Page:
Springfield, Massachusetts — A pastor in Massachusetts attended a federal hearing yesterday as a lawsuit filed against the minister by a Ugandan homosexual activist group accusing him of “crimes against humanity” is being considered by the courts.
Pastor Scott Lively, author of The Pink Swastika, had visited the nation of Uganda in 2009, where he spoke on what the Bible says about homosexuality and expressed support of pastors in the country that were working to oppose the proliferation of sexual activity between those of the same gender.
Following his visit, the group SMUG, Sexual Minorities of Uganda, filed a lawsuit against Lively, asserting that he had violated international law because his words allegedly encouraged government persecution against homosexuals in the nation. He was sued under the Alien Tort Statute (ATS), which allows individuals from foreign nations to file federal complaints against U.S. citizens who have committed torts overseas.
“ATS is not a blanket delegation of lawmaking to the democratically unaccountable international community,” said Mat Staver, founder of Liberty Council, which is representing the evangelical pastor. “Like all American citizens, Lively enjoys a fundamental First Amendment right to engage in nonviolent political discourse anywhere in the world.”
“This lawsuit against Scott Lively is a gross attempt to use a vague international law to silence, and eventually criminalize, speech by U.S. citizens on homosexuality and moral issues,” he added. “This suit should cause everyone to be concerned, because it a direct threat against freedom of speech.”
Senior Litigation Counsel Harry Mihet and General Counsel Steve Crampton argued on behalf of Lively in court yesterday as they asked District Judge Michael A. Ponsor to throw out the case. SMUG is being represented by a group funded by George Soros.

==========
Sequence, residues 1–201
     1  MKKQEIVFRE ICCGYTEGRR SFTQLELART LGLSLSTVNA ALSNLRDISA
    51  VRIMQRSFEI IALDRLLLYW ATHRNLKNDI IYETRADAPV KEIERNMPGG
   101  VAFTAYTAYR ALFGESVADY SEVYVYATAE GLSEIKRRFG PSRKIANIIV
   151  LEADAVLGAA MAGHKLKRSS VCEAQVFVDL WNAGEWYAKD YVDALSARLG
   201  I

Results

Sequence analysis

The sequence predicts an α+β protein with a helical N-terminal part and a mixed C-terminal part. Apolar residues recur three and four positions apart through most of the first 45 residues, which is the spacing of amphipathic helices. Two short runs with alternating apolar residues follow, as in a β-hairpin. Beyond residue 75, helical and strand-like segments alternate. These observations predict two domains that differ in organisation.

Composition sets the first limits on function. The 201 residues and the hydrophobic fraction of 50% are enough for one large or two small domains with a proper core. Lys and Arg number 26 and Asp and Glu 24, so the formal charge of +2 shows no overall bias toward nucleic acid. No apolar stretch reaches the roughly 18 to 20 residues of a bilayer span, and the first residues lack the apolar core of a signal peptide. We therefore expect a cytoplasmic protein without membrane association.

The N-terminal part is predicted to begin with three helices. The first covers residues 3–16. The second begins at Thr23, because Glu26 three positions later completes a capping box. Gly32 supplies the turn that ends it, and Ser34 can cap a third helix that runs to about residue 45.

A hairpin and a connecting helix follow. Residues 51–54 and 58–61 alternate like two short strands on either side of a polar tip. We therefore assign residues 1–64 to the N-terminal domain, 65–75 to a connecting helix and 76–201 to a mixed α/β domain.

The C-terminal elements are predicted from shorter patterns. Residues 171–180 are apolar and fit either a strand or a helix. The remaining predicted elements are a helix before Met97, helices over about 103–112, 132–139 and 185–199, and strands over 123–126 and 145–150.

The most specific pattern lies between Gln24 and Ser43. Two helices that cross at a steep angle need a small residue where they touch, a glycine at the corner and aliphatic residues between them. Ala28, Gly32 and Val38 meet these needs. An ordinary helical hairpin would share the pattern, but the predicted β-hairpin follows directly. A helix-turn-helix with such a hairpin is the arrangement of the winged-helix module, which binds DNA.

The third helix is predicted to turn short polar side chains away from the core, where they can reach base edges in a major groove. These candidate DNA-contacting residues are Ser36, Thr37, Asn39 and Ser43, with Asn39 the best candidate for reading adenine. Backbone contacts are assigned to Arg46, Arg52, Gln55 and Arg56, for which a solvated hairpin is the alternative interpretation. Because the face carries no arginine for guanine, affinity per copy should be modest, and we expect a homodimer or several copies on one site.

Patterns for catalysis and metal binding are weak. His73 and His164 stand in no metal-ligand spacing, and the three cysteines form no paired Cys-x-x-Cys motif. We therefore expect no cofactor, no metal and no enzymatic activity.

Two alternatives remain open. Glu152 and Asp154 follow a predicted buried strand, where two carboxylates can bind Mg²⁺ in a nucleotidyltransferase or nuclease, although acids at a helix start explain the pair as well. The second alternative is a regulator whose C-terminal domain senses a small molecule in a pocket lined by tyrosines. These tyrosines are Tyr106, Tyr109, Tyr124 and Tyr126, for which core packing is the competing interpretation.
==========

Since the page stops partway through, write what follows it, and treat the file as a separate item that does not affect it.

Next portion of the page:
Liberty Council states that the lawsuit is nothing less than an attempt to silence Biblical preaching about the homosexual lifestyle.
“What SMUG cavalierly labels as ‘crimes against humanity’ – the most heinous of all crimes – is actually nothing more than civil, peaceful, political discourse in the public square on a subject of great public concern,” Staver said. “When SMUG sued Lively in a Massachusetts federal court, it launched a direct assault on the supremacy of the United States Constitution.”
As previously reported, there has been much contention worldwide over a pending law in Uganda surrounding the placement of prohibitions against homosexual behavior, which includes a ban on the general promotion of same-sex activity. Ugandan President Yoweri Museveni, a professing Christian who recently led the nation in a prayer of repentance, told British reporters last year that he believes homosexuality should simply be “ignored” in the nation, although he opposes the promotion of the lifestyle in any form. However, other Christians in Uganda, including those in parliament, state that something needs to be done to stop the proliferation of homosexual behavior, which they believe is fueled by the Western world.
“The truth be told, we do not need any help from any country if that help is to compromise our morals and values,” Restore Uganda director Okumu Yudah Tadeo told Christian News Network. “According to Uganda’s cultural and religious values that have helped to keep morals in the country, it is in Uganda’s best interest to keep up the good morals and Godly values in this generation and the generations to come.”
Reports state that the death penalty, which had been included in the legislation in regard to homosexual pedophilia and intentionally infecting another with the AIDS virus, has been removed. Many homosexual activists had labeled the legislation the “kill the gays bill,” which some state is inaccurate.
As of press time, there was no word as to whether the district court ruled for or against Lively.